Friday, August 26, 2011

A little country in the city

Fisherman Bob and his Salmon sidekick
When we moved to the island, I had a hard time with the extreme rural and remote conditions. I missed take-out. Driving over 45 miles per hour. And ambient light.

I missed being warm. Other people. Noise. Stores that stay open past five. And the energy of the city.

At the same time, I loved living among farms and farm stores. Chickens and eagles. Cows and sheep. Our request to "live in nature" had been answered by the universe. We'd been longing for this. Green all around. Fresh air. Surrounded by water. Simplicity. Peace. Quiet.

The room to just.... aaaaaaahhhhhh....

My Farm Life Fantasy
I had grand visions of us eating fish that we caught ourselves, raising chickens and growing our own food.

We didn't have a boat or fishing poles. Or friends with boats or fishing gear. Or the money to buy/rent anything required to catch your own fish. So that didn't happen.

Though there was a small chicken coop on the property, raising chickens also required money. And time. And a lot of clean up. And there was the matter of the two eagles that made the two evergreens next to the house their hunting perch. And the fact that I was pregnant and couldn't conceive of carrying a baby and raising chickens at the same time. So that was out.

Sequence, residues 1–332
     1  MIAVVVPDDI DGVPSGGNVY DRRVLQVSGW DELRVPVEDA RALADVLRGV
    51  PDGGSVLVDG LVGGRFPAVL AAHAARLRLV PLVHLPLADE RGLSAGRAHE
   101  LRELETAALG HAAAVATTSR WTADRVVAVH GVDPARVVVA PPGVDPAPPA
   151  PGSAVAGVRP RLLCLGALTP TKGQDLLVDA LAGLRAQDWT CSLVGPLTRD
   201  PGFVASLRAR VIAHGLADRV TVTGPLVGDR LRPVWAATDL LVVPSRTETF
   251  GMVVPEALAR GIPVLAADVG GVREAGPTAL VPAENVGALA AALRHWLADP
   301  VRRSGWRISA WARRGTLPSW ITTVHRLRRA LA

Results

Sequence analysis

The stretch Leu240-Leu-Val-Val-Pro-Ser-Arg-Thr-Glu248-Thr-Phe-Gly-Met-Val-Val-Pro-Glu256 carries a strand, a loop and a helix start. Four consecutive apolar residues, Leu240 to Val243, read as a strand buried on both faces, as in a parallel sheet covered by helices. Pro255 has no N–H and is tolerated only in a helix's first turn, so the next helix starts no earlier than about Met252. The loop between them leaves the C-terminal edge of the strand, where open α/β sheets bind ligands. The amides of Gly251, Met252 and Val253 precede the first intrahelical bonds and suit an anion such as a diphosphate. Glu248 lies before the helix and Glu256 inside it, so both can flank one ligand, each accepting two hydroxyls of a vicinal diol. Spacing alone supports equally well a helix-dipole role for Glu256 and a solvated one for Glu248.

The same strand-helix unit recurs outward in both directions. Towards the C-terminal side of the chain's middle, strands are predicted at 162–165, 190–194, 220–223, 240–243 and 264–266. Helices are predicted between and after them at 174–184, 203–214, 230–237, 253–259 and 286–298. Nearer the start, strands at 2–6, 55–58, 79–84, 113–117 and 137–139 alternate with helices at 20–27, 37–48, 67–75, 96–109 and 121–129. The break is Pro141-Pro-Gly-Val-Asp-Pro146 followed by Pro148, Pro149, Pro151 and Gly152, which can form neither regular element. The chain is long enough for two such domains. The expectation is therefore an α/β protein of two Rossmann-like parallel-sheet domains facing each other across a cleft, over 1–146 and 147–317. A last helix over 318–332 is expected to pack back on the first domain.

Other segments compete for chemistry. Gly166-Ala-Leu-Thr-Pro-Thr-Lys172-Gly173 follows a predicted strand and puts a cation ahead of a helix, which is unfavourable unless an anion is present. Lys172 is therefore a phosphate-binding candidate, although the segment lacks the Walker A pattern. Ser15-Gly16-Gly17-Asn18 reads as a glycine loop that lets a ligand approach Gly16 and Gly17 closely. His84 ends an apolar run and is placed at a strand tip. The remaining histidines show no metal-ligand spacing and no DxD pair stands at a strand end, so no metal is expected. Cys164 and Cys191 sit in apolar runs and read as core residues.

What about the vegetable garden? Well, I blame that one on laziness on my part. In my defense, I was pregnant. And I had a lot of yard work that challenged me without the task of maintaining a vegetable garden. It would have been all on me since Bob was commuting to San Francisco for work. So... no home grown veggies.

City Mouse/Country Mouse
When we moved back to Chicago... well, it didn't take long for me to start missing the country. Am I never happy? Always wanting what I don't have?! I actually missed the quiet, the darkness, the lack of conveniences. I missed the mountains, hiking trails, farms and country lifestyle. And the people. Of course. We had finally started making friends just before we left.

My complicated relationship with the island is well-documented on both my blogs. Here and here. Loving it and hating it. Craving nature, missing the city. I am at once both the city mouse and the country mouse.

But back to the chickens, fish and garden.

Wednesday night, all three of these things came to fruition in Chicago.

In the big city.

I grilled a big ol salmon that Bob caught fresh that very morning. I served the salmon with tomatoes from our community vegetable garden. And six baby chicks arrived in our backyard.

I'll explain.

The Landlord
First... we have an amazing landlord.

His name is Andrew Gardner and he is a high school friend of our dear friend Cece Tio. And he's an amazing guy. We adore him. He's been so helpful and understanding from the very beginning.

Just like any landlord, Andrew asked for a credit check when we applied for the apartment. Well, I knew we wouldn't pass. So I told him. I explained the situation. I directed him to the blog hoping he might read it and choose to take a chance on us. And he did. And we've been so grateful ever since.

The Garden
Malcolm enjoys a fresh tomato
Andrew is living up to his last name. This garden is unbelievable. I planted a variety of cherry tomatoes, arugula, butter lettuce and rosemary. The rest is Andrew. Here's what's growing in the garden:

Tomatoes
Lettuce
Kale
Kohlrabi
Eggplant
Onions
Red Cabbage
Green Beans
Ghost Peppers
Cantelope
Cucumber
Tomatillos
Cauliflower
Corn

As if that weren't enough, every day I'm surprised to discover something else that Andrew planted that has just started to grow.